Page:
“Bill did hold up a tablet a number of years ago,” Ballmer said. “And, not that we don’t have good hardware partners, but sometimes getting the innovation right across the seam of hardware and software is difficult unless you do both of them,” Ballmer said at the meeting, held Wednesday in Bellevue, Wash.

Referring to the company’s new strategy of building its own Windows 8 tablets under the Surface brand, Ballmer said “maybe we should have done that earlier, maybe [Gates’] tablet would have shipped sooner.”

Ballmer then left little doubt that Microsoft is no longer content to be solely reliant on third-party PC manufacturers for its success. “What we’ve said to ourselves now is that there is no boundary between hardware and software that we will let build up as a kind of innovation barrier.”

[ Windows 8 early sales numbers are weak. Should Microsoft pull a Coke and introduce Windows Classic? ]

Ballmer’s comments are sure to add fuel to rumors that the company’s next hardware product will be a self-branded smartphone. Digitimes, an overseas publication that tracks Asian component manufacturers, this week published a report that said Microsoft has contracted with iPhone-maker Foxconn to produce a smartphone. Microsoft has not commented on the report.

Another sign that Microsoft is looking to become a major player in hardware is that it’s looking to hire individuals with experience in hardware manufacturing and supply-chain management. On Thursday, the Microsoft Careers Twitter feed carried a tweet saying, “At @Microsoft, we’re more than just software. Come show us your Hardware Engineering talents.” It included a link to Microsoft’s hardware engineering jobs page, which listed numerous open positions.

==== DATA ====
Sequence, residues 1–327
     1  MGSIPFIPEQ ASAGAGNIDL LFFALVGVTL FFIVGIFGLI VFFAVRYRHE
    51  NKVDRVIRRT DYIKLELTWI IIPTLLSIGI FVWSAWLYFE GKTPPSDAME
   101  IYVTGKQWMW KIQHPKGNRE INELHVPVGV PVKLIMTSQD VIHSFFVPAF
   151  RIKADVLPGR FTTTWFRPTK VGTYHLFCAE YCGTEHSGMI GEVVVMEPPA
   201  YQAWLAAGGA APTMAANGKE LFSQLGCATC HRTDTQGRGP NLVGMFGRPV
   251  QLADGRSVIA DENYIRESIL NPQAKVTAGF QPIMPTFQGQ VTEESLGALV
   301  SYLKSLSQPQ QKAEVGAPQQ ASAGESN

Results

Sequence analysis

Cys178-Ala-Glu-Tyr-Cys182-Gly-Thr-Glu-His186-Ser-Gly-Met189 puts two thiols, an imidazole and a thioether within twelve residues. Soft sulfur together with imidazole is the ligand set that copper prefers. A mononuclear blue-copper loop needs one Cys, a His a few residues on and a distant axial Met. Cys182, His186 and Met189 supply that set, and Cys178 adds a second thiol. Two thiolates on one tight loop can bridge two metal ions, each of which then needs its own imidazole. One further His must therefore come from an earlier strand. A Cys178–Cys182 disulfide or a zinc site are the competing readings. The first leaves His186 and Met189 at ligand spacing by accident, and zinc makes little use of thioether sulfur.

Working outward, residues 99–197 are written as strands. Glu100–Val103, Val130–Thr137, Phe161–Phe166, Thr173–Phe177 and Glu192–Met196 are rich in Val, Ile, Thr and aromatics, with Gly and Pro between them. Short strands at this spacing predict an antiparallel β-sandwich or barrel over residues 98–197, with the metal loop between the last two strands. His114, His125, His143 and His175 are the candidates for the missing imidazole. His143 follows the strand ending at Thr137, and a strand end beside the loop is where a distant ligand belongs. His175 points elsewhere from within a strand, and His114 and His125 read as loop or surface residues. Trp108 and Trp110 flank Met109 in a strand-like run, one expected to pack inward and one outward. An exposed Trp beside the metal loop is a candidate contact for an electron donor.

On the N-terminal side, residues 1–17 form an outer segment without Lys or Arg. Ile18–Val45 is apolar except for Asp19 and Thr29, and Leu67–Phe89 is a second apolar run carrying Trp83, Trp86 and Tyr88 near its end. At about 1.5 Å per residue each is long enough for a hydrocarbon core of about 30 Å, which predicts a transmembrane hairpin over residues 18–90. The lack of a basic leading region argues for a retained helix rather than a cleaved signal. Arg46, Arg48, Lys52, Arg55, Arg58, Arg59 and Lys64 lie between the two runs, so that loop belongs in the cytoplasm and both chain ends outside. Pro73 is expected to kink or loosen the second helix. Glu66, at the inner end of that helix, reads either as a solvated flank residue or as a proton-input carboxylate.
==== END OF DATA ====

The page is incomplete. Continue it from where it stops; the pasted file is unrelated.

Microsoft’s hardware designs could bring it into conflict with PC OEMs, on which it still depends for the bulk of its Windows revenues. Lingxian Lang, China operations manager for Acer, recently said publicly that Redmond’s plan to compete with partners would ultimately see it eating “hard rice.”

Meanwhile, Microsoft has revealed more details about Surface Pro, the version of Surface that will run full-blown Windows 8 Professional and legacy Windows applications. The notebook-tablet hybrid will hit stores in January, starting at $899 for the 64-GB version and $999 for the 128-GB version.

Microsoft released Surface RT, which runs a pared-down version of Windows 8 called Windows RT, on Oct. 26. Surface RT runs an ARM-based Nvidia Tegra 3 chip that promises low power consumption and long battery life, but it will run only pre-installed Microsoft software and apps downloaded from the Windows Store. Surface RT starts at $499.

Upgrading isn’t the easy decision that Win 7 was. We take a close look at Server 2012, changes to mobility and security, and more in the new Here Comes Windows 8 issue of InformationWeek. Also in this issue: Why you should have the difficult conversations about the value of OS and PC upgrades before discussing Windows 8. (Free registration required.)


You did not achieve perfection for Windows 8, now you want to get involved in hardware business, very soon, everything will fall apart when all your hardware vendors abandon you, what you should do, is to setup another division to offer consulting services to hardware manufacturers to fully customised PC, tablets and smartphones for different industries, and developed expert expertise on software so that you can easily customised your OS and applications, you are lacking behind because you are now a dinosaur difficult to embrace change and innovations, and not hungry enough for success, exploiting technologies for maximum profits but never keep a wildcard under your sleeve, sitting on a pile of cash and doing nothing will definitely get you into stagnant waters.

– Contributed By Oogle.

HFT : An interview with Expert Edgar Perez

Wed, 28 Nov 2012 09:12:00 GMT

Edgar Perez

In this interview for HFT Review, we talk to Edgar Perez, author of The Speed Traders, who will be hosting the HFT Leaders Forum in London on 12th December 2012.